After a lot of criticism about the new payment model proposed by Unity, the company has now revealed the modifications. The company still wants to launch a new payment model, but its concrete implementation will have less impact on junior developers in the latest version.
The main change is that Pay Per Install no longer applies to those using Unity Personal or Unity Plus. Those with Unity Pro or Unity Enterprise still have to pay, but the bar is being raised. For example, payment should only be made if the game in question has generated at least $1 million in the last 12 months and if 1 million “initial engagements” have been achieved. The latter probably means a million installs. Furthermore, Unity will rely on the numbers provided by the developers themselves.
Also important is that the new payment model will only apply to games developed with the next version of Unity, which won’t be released until 2024. So developers who developed their game with an older version will only end up in this new system if they switch to The latest version of the Unity engine.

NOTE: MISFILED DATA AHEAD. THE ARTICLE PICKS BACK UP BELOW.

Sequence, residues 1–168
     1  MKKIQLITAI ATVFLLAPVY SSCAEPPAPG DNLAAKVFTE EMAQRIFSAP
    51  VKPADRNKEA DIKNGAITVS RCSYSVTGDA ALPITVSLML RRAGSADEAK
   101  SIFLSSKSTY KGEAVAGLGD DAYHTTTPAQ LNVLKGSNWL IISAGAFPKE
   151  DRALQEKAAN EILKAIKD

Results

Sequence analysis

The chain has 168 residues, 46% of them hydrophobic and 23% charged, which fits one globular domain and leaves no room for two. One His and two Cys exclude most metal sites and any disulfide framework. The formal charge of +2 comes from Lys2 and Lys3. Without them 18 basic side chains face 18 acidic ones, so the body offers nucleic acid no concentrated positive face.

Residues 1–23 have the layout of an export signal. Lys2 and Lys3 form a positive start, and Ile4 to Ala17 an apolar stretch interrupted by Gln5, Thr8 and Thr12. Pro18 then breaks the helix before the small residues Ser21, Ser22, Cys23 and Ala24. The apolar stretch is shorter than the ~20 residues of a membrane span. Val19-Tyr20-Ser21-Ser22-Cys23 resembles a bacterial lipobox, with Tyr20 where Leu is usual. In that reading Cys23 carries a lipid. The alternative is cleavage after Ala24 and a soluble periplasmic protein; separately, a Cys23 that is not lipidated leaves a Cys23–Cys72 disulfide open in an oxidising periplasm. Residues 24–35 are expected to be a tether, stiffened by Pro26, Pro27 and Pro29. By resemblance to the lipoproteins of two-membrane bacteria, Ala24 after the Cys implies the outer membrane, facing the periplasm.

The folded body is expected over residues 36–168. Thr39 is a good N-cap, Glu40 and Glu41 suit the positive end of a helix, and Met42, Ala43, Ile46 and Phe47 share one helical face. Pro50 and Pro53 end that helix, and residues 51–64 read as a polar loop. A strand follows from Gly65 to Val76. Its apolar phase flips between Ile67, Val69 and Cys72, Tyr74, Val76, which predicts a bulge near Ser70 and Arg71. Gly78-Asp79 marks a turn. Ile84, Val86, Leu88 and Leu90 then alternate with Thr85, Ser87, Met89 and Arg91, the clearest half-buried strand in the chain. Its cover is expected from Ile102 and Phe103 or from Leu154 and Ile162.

Some other tweaks include dropping the requirement to provide a Unity startup screen for Unity Personal games, as well as the ability for developers to choose to pay based on “initial engagement” numbers, or based on monthly income. In the latter case, 2.5% must be paid to Unity. In any case, the developer’s cheapest option will always be chosen.
The unit therefore appears to be taking clear steps to respond to community concerns, although it remains to be seen whether this is enough. Aside from the tangible impact, it also appears that a breach of trust has occurred, which of course is not easy to fix. Only time will tell how far the union has succeeded in beating itself up here.
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